Have A Colorful Easter Without Artificial Food Dye

So many parents of dye-sensitive kids are approaching Easter with that same dread we felt near Valentine’s DayIt’s coming.  You can’t just act like it’s not happening.  Kids have certain expectations when it comes to this holiday, learned from friends or grocery store aisles…first and foremost – to get an awesome stash from the Easter Bunny.  Eddie Izzard’s stand up routine about chocolate eggs comes to mind:

“Kids eat chocolate eggs because the color of the chocolate and the color of the wood on the cross…Well? you tell me!  It’s got nothing to do with it, has it?  People are going, “Remember kids, Jesus died for your sins.” 

Kids: “Yeah, I know, it’s great.” 

Adults:  “No, it’s bad.” 

Kids: “It’s bad. It’s terrible.  Whatever you want.  Just keep giving me these eggs.””

The Hunt

Store shelves are full of cheap chocolate and brightly dyed jellybeans, but no Wonka “Egg-dicator”-ish gadgets to help us sort it all out.  Have no fear – there are plenty of natural, and in my opinion, better tasting sweeties to be had nowadays.  Trader Joe’s carries naturally colored and flavored jellybeans, gumdrops, malted milk eggs, chocolate peanut butter eggs, and chocolate bunnies.  Whole Foods has a huge assortment of chocolates, jellybeans, eggs, and toys.  And online stores like Natural Candy Store and Indie Candy have natural gumballs, gummy candies, lollipops, everything else a dye-sensitive kid could possibly want…but nary a Peep to be found (an acceptable risk, in my assessment).  If only there were a real-life naturally colored Wonka factory…replacing technicolor lollies with gorgeous berry-colored ones…and a waterfall chocolate mixer, free of synthetic “vanillin” (byproduct of the paper and wood pulp industry, used in lesser quality chocolate…yum).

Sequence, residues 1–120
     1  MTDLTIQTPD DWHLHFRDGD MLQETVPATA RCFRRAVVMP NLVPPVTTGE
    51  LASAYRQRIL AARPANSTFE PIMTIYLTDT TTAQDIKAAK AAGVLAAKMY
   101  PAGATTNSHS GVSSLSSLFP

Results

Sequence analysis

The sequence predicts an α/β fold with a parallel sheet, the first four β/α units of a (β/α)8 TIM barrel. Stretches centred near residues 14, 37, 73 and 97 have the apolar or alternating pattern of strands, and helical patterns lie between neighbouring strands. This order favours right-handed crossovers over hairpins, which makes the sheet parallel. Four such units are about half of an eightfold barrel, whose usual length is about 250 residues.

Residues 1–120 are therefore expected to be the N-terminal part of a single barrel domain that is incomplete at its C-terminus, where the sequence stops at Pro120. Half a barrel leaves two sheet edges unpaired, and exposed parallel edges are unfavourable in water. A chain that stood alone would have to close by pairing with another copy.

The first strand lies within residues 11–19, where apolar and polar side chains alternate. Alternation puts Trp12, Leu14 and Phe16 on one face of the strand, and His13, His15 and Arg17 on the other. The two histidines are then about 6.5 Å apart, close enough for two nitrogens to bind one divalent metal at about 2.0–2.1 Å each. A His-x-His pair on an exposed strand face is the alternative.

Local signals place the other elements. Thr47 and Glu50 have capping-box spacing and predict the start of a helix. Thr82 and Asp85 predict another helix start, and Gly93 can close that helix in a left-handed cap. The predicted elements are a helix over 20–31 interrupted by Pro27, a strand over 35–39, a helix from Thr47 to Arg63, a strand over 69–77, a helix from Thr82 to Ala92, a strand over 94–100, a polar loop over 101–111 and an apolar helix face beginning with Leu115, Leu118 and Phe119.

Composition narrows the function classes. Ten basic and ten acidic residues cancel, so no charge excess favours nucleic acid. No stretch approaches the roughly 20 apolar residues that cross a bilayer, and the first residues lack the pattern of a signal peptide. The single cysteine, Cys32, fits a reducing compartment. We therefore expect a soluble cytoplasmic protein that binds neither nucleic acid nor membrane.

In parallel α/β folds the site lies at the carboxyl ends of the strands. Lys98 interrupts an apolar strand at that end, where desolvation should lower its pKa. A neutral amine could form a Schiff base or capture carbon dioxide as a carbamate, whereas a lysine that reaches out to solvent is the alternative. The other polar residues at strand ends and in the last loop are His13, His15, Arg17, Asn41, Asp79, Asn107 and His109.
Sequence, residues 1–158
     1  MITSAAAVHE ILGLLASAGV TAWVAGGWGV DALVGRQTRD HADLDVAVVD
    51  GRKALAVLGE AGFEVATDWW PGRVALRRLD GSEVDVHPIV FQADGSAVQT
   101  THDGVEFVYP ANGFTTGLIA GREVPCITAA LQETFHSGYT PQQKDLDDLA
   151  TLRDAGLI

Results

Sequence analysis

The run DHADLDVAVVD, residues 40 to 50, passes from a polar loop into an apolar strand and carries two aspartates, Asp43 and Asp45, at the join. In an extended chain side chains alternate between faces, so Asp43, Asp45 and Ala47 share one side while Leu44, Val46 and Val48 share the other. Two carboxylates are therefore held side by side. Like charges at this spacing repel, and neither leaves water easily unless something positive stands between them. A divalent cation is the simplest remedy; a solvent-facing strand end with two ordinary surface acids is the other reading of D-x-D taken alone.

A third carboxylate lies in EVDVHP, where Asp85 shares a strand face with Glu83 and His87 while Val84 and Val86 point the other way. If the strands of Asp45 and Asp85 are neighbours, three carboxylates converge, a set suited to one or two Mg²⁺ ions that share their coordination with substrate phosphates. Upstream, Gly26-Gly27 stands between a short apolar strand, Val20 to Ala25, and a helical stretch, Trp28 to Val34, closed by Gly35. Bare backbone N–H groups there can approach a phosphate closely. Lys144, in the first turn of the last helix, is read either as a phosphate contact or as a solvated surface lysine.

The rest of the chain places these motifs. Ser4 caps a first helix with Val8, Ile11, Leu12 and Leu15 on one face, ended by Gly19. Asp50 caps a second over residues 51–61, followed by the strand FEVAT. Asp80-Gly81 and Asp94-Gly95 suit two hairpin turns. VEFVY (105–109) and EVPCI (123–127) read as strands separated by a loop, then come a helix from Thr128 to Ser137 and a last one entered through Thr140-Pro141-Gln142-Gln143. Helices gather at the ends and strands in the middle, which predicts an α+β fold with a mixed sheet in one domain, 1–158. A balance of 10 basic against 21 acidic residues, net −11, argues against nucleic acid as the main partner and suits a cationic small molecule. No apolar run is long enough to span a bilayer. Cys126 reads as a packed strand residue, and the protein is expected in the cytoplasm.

If your child participates in a community egg hunt, work out a Trade Deal, where they trade in their standard dyed candy for safe sweets that you’ve chosen.  For your own egg hunt, try dyeing eggs with natural vegetable colorants – recipes can be found here, here, here and here.  Or if you’re short on time, buy natural dyeing kits here and here.  And if you’re baking up something but want more than plain white frosting, try making your own food coloring (recipe pages are here and here), or buy some ready-made natural food coloring like India Tree, Seelect, or Chefmaster.  And as allergic as Pollenpocalypse 2012 has made me, I still like the idea of decorating cupcakes and cakes with fresh blossoms.  Just remove them before the little ones can eat them…

The Easter Bunny could also leave small toys and trinkets instead of only edible sweets.  There are loads of non-food ideas for busy parents on Pinterest, but do please set yourself an egg timer…that place can be an addictive time suck.  One DFD reader posted up her non-food Easter treat Amazon list on the DFD Facebook page.  Some ideas might include seed packets and gardening tools, books…or tickets to fun experiences like childrens’ museums, the zoo, or a movie.

Dye-Free Disciples